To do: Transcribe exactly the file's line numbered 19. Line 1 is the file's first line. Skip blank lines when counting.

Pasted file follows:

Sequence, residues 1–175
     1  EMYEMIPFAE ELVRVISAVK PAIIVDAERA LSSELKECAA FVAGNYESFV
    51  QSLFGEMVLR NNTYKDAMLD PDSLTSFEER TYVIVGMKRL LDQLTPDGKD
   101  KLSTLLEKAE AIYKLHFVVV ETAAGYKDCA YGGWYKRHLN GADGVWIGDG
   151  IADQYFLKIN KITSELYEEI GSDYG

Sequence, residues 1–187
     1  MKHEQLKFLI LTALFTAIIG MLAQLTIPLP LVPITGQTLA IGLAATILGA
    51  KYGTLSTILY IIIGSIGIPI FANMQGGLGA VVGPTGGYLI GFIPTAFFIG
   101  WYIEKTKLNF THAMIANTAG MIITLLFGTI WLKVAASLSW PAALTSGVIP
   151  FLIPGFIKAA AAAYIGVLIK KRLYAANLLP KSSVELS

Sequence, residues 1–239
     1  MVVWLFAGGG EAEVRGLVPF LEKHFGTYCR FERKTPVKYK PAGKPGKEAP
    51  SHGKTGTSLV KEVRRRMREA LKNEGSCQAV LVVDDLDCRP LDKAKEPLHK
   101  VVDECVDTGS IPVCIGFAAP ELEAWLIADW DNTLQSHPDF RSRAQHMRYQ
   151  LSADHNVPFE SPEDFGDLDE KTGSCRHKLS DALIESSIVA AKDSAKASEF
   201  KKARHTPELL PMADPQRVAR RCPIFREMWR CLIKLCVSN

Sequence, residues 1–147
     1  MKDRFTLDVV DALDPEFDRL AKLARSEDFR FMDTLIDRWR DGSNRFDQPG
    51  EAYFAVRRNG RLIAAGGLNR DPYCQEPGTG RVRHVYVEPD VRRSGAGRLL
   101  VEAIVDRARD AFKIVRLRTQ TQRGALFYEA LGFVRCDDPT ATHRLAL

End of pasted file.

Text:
    51  EAYFAVRRNG RLIAAGGLNR DPYCQEPGTG RVRHVYVEPD VRRSGAGRLL